After we ship version 8, and make sure we keep Games fresh as well, we're going to turn our focus to our next major revision. In addition to our normal work of broadening and deepening our application support in Wine, we're going to try to dramatically improve the CrossOver GUI itself. First, the Linux version will get a fresh new look. But both versions are going to get an interface that we hope will bring the power of the Compatibility Center right into the installation view. The key idea is to make it easier to distill the gathered wisdom on unsupported applications and make it far easier to use. I hope we'll have that available before the end of the year.

At any rate, we're looking forward to bringing you all of this work we've done - 2009 should prove to be a great year for CrossOver!

Cheers,

Jeremy

About CodeWeavers
Founded in 1996 as a general software consultancy, CodeWeavers focuses on the development of Wine – the core technology found in all of its CrossOver products. The company's goal is to bring expanded market opportunities for Windows software developers by making it easier, faster and more painless to port Windows software to Mac and Linux. CodeWeavers is recognized as a leader in open-source Windows porting technology, and maintains development offices in Minnesota, the United Kingdom and elsewhere around the world. The company is privately held.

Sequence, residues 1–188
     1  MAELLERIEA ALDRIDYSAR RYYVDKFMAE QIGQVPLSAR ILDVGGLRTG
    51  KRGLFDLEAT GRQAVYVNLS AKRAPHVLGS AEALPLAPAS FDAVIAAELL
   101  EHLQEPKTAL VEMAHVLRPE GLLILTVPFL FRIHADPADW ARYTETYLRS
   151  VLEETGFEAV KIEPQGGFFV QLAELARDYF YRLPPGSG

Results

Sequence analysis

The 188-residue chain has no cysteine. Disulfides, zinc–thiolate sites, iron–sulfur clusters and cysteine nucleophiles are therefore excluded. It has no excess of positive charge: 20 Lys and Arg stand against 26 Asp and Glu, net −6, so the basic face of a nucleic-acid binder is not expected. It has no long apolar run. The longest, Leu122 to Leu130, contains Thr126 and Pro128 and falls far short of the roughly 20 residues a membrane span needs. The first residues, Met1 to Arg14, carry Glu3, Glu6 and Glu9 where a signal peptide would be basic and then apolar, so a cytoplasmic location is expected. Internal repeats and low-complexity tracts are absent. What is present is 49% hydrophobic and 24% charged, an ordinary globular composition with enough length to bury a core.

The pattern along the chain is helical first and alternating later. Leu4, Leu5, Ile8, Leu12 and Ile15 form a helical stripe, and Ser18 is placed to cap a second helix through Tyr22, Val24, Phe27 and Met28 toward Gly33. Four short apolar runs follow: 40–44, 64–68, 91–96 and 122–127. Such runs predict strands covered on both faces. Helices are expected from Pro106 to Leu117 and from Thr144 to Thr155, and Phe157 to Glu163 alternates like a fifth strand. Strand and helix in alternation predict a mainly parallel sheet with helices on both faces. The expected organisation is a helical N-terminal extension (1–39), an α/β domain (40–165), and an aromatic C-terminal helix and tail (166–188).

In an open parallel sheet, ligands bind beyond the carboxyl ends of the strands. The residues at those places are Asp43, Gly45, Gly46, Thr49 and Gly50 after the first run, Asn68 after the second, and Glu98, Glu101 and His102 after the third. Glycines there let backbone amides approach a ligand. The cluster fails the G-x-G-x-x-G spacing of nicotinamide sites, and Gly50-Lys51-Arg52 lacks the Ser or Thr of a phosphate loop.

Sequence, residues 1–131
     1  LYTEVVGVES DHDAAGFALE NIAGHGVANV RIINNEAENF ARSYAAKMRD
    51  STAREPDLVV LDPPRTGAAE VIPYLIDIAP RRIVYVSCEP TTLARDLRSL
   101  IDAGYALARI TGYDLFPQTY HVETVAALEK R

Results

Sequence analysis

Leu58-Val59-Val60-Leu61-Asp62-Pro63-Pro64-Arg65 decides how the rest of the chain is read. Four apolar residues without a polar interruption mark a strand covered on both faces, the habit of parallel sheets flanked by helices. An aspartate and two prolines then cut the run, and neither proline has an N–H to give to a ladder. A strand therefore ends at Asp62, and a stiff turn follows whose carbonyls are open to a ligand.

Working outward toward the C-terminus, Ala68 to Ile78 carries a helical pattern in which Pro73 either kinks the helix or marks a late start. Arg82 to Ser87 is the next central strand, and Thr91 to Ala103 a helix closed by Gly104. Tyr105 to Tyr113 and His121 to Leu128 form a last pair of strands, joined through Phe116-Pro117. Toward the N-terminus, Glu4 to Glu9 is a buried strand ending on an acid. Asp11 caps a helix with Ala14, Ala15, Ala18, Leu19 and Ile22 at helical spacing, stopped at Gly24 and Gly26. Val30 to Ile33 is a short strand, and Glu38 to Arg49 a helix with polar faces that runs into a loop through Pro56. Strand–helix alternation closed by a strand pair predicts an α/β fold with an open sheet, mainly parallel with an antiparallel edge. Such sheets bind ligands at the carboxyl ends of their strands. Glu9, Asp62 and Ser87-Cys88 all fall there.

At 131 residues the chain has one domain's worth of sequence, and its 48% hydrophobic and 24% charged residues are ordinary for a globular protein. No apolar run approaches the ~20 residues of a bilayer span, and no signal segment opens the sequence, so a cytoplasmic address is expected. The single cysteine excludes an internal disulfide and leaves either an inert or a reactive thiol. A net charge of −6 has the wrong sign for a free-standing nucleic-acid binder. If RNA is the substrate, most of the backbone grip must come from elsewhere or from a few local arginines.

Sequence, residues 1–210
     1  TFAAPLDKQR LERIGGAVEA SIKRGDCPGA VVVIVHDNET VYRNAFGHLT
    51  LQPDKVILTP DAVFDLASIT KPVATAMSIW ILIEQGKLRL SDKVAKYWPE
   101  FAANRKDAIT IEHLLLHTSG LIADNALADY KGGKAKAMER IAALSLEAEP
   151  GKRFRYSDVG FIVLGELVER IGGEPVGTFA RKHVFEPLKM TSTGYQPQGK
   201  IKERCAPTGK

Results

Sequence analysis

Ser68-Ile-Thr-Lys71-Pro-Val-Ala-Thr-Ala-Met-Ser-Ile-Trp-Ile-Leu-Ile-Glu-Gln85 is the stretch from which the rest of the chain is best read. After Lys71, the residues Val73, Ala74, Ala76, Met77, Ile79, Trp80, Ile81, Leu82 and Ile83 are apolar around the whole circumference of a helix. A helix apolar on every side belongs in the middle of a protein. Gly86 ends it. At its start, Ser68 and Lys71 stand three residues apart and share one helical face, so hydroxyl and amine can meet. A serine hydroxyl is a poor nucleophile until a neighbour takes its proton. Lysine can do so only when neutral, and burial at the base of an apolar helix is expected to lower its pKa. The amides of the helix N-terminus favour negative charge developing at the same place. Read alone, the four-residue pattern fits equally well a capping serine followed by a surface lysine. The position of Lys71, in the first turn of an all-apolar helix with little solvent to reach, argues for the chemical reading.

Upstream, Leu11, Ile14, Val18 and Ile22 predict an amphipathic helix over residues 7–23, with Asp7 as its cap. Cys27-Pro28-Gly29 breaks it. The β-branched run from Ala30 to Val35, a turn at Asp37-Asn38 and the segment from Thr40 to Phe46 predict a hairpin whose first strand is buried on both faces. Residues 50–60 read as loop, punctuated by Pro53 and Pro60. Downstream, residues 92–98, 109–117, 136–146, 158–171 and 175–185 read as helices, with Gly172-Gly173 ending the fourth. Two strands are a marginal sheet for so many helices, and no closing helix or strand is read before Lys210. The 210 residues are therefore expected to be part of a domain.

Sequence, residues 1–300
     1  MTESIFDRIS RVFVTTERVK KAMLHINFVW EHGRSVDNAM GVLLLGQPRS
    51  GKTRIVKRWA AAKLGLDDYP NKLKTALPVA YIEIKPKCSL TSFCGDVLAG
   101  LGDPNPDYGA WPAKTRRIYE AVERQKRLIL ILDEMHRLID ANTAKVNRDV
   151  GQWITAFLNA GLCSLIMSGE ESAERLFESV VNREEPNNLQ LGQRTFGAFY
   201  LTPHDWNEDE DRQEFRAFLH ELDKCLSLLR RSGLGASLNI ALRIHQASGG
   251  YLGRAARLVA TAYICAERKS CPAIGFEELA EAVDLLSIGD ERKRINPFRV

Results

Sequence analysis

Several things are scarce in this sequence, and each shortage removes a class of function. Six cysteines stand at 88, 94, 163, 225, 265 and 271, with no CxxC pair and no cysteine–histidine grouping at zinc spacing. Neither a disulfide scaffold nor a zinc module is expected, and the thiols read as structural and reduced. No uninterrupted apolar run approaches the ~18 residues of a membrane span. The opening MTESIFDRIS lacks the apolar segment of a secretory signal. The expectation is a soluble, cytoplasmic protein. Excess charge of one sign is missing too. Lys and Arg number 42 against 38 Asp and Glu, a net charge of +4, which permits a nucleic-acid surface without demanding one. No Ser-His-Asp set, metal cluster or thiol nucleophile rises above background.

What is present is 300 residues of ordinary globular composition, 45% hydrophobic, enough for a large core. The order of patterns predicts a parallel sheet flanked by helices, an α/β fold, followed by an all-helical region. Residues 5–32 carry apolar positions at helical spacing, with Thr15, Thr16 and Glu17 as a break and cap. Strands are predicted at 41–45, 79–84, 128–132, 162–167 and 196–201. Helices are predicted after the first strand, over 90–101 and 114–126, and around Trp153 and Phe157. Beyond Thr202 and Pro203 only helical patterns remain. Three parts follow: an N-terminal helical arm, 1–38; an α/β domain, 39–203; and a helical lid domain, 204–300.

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Ben Dunn
Ben Dunn
Posted 2009-03-10 05:32
Is there any specified release date as yet? or estimated release date. have been waiting for photoshop cs3, any other word on the whole suite?

Jeremy White
Jeremy White
Posted 2009-03-10 06:59
I really hate giving out dates, because I'm often wrong, and I don't like to mislead folks.  I'm afraid Wine work is mostly debugging, and debugging is really hard to predict correctly.

However, we do have a hard deadline we're going to meet in some form (even if it's only an unsupported build):  Quicken users need to have 2009 support by the end of April.  So we'll have something for sure by mid to end of April; either an unsupported build or an official 8.0.